It might be worth saving now. At the moment the NHS canot afford for every sufferer to be given a palliative treatment costing £2.50 a day and the numbers are growing
This is not a scenario designed to scare, although it scares the hell out of me and this is what is going to happen. These are the cold equations. If the disease is not stopped or slowed then the country will have to deal with very a large population of helpless elderly, and politicians will have to deal with their carers who, having grown up in the same generation, do not have the same forbearance and stoicism of their forebears. Someone, and it may be people here, will have to make some big decisions.
Is there going to be a government of any stripe in England willing to put its money where it’s mouth is and fund changes? Or will dementia remain the most feared disease of the over 55s? They fear the under-funded ‘home’, the loss of dignity and the chemical cosh.
Let me tell you a little about the disease. I know one fellow sufferer who has told her doctor that if she contracts cancer then she wants the pain killed, but not the cancer, preferring that to the end game of the Alzheimer’s sufferer. From where I sit, hardly affected as yet, it seemes as though someone has pushed the fast-forward button Life is like a very slow motion car crash, almost balletic, as small things break and buckle and drop away. And as little losses mount up, what is always at the back of what is left of your mind, is that sooner or later you will go through the windscreen. After I told people of my diagnosis an old friend rang to offer sympathy. He has cancer of the bladder, and he felt sorry for me.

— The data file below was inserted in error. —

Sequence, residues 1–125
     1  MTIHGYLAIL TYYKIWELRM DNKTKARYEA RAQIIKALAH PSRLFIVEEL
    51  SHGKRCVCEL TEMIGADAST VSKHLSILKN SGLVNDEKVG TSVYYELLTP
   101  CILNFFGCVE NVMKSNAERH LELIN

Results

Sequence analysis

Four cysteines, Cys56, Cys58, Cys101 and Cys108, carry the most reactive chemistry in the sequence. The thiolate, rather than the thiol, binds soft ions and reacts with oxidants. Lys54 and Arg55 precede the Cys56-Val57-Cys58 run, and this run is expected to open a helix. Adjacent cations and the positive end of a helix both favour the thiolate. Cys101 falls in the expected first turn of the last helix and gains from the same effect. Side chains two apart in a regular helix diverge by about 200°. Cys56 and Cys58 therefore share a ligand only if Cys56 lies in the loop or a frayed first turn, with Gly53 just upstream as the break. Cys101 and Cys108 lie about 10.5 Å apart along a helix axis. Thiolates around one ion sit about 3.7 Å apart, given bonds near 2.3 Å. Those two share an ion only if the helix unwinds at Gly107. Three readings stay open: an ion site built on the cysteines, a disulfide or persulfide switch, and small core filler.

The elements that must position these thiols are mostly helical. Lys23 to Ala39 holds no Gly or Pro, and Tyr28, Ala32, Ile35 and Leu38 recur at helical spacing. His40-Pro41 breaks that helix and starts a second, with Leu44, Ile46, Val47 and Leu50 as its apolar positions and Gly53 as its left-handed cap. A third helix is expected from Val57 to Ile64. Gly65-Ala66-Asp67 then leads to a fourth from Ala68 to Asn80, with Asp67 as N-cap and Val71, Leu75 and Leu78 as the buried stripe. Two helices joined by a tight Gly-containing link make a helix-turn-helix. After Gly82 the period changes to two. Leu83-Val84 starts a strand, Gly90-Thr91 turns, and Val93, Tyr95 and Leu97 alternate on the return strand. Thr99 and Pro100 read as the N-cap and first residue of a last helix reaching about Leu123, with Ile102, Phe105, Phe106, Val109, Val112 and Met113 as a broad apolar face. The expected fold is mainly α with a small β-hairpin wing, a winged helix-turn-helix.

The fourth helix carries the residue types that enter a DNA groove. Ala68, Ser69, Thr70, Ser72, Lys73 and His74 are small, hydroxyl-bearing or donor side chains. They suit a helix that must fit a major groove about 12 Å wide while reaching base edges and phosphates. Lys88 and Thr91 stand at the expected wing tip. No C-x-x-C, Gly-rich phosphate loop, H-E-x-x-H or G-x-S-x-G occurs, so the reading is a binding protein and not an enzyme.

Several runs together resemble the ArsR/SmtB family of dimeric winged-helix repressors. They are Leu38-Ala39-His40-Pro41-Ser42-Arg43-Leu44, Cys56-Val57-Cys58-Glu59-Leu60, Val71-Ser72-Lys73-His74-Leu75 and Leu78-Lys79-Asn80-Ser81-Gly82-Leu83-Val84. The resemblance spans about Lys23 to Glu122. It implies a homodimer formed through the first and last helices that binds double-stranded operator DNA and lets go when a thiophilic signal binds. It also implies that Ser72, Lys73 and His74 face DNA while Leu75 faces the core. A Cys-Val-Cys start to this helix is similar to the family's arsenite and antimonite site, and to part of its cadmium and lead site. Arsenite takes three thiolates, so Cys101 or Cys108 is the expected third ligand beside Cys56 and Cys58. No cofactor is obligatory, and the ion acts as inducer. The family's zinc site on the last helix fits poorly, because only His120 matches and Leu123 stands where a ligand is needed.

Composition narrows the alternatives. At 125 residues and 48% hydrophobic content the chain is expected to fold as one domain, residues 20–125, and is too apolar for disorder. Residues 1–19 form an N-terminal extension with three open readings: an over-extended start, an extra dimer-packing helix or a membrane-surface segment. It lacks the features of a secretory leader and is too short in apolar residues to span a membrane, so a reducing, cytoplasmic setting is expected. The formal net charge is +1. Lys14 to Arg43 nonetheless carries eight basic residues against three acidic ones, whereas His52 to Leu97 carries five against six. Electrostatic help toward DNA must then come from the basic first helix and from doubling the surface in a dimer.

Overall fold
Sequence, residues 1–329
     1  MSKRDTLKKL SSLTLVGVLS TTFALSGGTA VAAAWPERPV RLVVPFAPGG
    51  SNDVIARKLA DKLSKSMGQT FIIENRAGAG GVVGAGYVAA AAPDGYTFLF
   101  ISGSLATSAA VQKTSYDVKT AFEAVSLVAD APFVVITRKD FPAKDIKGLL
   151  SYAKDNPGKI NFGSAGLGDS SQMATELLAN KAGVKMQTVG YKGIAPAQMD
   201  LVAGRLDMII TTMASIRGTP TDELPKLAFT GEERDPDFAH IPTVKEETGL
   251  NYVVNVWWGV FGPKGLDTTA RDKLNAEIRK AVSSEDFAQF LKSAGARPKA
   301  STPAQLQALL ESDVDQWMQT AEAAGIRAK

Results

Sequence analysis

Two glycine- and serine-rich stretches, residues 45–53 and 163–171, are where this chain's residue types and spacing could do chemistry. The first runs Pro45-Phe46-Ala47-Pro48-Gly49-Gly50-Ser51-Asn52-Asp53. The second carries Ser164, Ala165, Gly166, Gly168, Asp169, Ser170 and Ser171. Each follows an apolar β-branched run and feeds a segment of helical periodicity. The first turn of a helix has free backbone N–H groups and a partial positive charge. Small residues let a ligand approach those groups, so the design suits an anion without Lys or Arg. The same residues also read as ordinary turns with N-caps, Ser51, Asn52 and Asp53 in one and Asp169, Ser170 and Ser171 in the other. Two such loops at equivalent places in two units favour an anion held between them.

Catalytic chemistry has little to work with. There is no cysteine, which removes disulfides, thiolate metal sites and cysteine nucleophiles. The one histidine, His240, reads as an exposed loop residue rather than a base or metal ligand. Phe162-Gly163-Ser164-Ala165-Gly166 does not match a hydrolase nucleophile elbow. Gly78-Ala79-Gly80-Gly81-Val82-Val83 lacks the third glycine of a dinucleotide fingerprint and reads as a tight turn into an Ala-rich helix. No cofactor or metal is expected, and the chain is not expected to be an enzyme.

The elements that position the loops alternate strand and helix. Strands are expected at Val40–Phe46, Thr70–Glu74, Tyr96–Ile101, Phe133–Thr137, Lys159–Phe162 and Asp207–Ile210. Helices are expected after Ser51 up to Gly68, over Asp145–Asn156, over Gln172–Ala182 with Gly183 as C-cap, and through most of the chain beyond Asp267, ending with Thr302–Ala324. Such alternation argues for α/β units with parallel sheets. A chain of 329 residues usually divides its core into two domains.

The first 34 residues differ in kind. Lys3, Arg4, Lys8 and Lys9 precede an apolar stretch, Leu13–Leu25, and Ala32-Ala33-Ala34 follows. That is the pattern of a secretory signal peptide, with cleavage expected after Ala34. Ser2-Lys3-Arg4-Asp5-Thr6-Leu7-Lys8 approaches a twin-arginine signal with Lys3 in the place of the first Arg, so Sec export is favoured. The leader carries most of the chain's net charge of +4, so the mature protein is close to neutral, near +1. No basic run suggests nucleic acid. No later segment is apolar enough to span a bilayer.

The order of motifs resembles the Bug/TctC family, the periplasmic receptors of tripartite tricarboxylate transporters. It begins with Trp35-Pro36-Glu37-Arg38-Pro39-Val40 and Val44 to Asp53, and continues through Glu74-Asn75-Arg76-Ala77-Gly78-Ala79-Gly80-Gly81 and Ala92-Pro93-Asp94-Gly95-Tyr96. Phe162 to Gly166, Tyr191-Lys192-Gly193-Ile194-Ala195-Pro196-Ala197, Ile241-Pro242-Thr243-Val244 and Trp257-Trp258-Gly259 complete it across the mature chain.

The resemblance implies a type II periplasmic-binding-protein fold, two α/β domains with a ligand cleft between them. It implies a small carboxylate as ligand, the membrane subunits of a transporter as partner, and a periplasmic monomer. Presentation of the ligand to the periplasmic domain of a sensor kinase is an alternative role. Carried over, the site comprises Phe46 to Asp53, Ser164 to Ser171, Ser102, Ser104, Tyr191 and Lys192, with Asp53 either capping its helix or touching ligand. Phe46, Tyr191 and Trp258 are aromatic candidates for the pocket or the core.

I can recall when no-one talked about cancer. Now its treatment, prevention and cure are commonplace subjects in the media. Dementia, on the other hand, is stuck in a medieval fog of superstition, misunderstanding and silence, corrosive and shameful and betraying
Ronald Regan broke that silence, and this led to increased government funding for dementia research in the US. It is well known that Lady Thatcher was very moved by her friend’s condition, and told the Daily Telegraph in 2000 that it was a important to raise awareness of these diseases.
And that’s why I’m here. Awareness slips if someone doesn’t lift it and I want this disease to be dragged into the light and stay there, seen for what it is, a random disease and no cause for shame . To kill the demon you must say its name. The second step is an efficient sword; the disease has a physical cause; it must fall to a physical solution.
I was amazed, when I began this journey, at how many people I met who had encountered AD in their immediate circle. One in three of the people who reach what we think of as old age will and do die with dementia, but it is claimed by some other cause of death perhaps even before the family suspects. Yet we seem to tolerate the disease because it’s come to be seen as “something that happens to old people” and can’t be helped. Once upon a time it was normal for a child to reach puberty having experienced the death of one or more sibling. That was what happened to children. We decided that it should not be normal. We can make that decision here, too.
There’s only two ways it can go; researchers, with as much help you can give them, may come up with something that reduces the effects of this dreadful, inhuman disease, or we will have to face the consequences of our failure to prevent the final years of many of us being a long bad dream. The strain on carers and their support is bad enough now; before very long the effects on the health service and society itself, will be unbearable.
What is unthinkable is to do nothing at all.